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NYS has seen a 50% increase in home fire fatalities compared to this time last year
Guest Editorial by the Firefighters Association of the State of New York
Thanksgiving and the holiday season are almost upon us, and historically, the arrival of cooler weather and more home cooking – especially for the holidays – lead to an increase in home cooking fires.
Ahead of 2022’s peak home fire season, New York state has already experienced 118 home fire fatalities, compared to 85 at this time last year – an almost 50% increase.
The Firefighters Association of the State of New York (FASNY) is reminding everyone of basic cooking safety tips that could prevent a fire from ruining the holidays.
“Our state’s volunteer firefighters hope that all New Yorkers have a safe and happy holiday,” FASNY President Edward Tase Jr. said. “When preparing your Thanksgiving feast and other upcoming holiday meals, remember to take important safety precautions, such as not leaving your cooking unattended. Unattended cooking is a leading cause of home fires that can easily be prevented.”
According to the National Fire Prevention Association (NFPA), Thanksgiving is the leading day for home cooking fires, with 1,630 breaking out in 2018 – 250% above the daily average. The second-highest day for home cooking fires was Christmas Day, with 740 incidents. Following safe cooking practices this holiday will ensure an accident or a preventable fire does not occur.
One safety risk often taken on Thanksgiving is deep-frying turkeys. It is extremely dangerous to deep-fry a turkey, and can lead to serious burns and property damage. It is integral that the turkey is completely thawed before frying, and that the cooking occurs outside and away from flammable objects.
FASNY and the NFPA provide the following tips:
•Remain in the kitchen while cooking. Whether you’re frying, grilling, baking or broiling food, it’s always a good idea to supervise cooking directly.
•Most cooking fires involve the stovetop, so keep anything that can catch fire away from it, and turn off the stove when you leave the kitchen, even if it’s for “just a second.” A second is all it takes for a house fire to start.
•If you’re simmering, boiling, baking or roasting food, check it regularly and use a timer to remind yourself that you’re cooking.
•For homes with children, have the kids remain outside the kitchen area while food is being prepared. Pets should also be kept out of the kitchen while cooking. The safest chef is an undistracted chef!
•Make sure your smoke detectors are functioning by pressing the “test” button. If needed, replace the batteries – and if not functioning after testing, install brand-new smoke alarms. (If you have smoke alarms with sealed-in batteries that do not function when tested, replace the entire unit.)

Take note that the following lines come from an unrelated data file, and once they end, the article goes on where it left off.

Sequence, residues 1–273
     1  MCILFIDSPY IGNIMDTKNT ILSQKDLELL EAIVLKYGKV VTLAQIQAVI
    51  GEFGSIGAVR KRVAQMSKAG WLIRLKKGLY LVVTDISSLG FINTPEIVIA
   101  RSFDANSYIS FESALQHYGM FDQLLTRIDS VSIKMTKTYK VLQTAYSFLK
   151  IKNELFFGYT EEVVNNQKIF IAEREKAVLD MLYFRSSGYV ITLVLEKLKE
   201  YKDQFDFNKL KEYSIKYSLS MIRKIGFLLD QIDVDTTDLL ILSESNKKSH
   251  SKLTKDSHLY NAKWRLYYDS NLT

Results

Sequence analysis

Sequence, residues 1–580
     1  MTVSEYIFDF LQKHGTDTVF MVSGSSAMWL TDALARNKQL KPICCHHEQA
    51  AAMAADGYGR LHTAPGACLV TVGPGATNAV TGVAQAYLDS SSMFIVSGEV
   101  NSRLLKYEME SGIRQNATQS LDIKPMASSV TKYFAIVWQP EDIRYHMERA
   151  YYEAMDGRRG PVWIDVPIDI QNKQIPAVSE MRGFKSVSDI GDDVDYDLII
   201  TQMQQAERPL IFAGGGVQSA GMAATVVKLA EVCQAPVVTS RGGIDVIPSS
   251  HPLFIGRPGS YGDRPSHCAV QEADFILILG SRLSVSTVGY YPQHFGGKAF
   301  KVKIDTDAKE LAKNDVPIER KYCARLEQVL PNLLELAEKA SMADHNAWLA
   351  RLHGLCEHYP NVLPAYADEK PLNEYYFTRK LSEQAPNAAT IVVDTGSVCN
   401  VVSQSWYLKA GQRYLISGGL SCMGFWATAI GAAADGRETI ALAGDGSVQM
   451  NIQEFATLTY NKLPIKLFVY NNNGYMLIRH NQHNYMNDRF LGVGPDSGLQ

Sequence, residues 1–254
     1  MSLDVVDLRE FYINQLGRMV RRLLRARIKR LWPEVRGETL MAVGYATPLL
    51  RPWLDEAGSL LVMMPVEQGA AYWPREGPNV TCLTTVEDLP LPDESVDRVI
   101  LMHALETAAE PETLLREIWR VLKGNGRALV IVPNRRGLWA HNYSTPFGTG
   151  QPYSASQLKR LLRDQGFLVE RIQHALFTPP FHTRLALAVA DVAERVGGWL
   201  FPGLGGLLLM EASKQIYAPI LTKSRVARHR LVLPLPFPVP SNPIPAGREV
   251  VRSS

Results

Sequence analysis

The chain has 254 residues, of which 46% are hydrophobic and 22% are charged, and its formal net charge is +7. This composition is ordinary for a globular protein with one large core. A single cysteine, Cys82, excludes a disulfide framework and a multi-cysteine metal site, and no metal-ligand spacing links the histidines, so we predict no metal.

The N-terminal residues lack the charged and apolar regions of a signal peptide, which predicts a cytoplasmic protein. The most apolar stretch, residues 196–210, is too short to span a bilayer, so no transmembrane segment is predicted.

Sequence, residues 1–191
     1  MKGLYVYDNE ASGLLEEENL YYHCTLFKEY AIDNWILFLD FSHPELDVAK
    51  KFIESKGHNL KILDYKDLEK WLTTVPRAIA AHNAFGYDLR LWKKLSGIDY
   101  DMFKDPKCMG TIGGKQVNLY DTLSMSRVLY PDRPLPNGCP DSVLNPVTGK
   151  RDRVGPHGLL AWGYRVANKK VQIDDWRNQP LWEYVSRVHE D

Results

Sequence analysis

•Clothing ignitions lead to approximately 16% of home cooking fire deaths. It is important to wear short, close-fitting, or tightly rolled sleeves, as loose clothing can dangle onto stove burners or gas flames and catch fire. Keep the cooking area clean and combustible materials away from your stove top: Built-up grease as well as oven mitts, food packaging, wooden utensils, towels, curtains and other materials on or near the stove can catch fire.
•Deep-frying turkeys is extremely dangerous, especially when done without care.
•If a turkey fryer must be used, follow these tips
√ Turkey fryers can easily tip over spilling hot oil across a large area. Use your turkey fryer only outdoors on a sturdy, level surface that is well away from things that can burn.
√ Make sure to have a “3-foot kid- and pet-free zone” around your turkey fryer to protect against burn injuries.
√ An overfilled cooking pot will cause oil to spill over when the turkey is placed inside. Determine the correct amount of oil needed by first placing the turkey in the pot with water.
√ A partially frozen turkey will cause hot oil to splatter. Make sure your turkey is completely thawed before you fry it.
√ Turkey fryers can easily overheat and start a fire. Check the temperature often with a cooking thermometer so the oil won’t overheat.
•The pot, lid and handles of a turkey fryer can get dangerously hot and cause burn injuries. Use long, insulated cooking gloves that protect hands and arms when you handle these items.
Founded in 1872, the Firemen’s Association of the State of New York (FASNY) represents the interests of the approximately 85,000 volunteer firefighters and emergency medical personnel in New York state. For more information, visit www.fasny.com.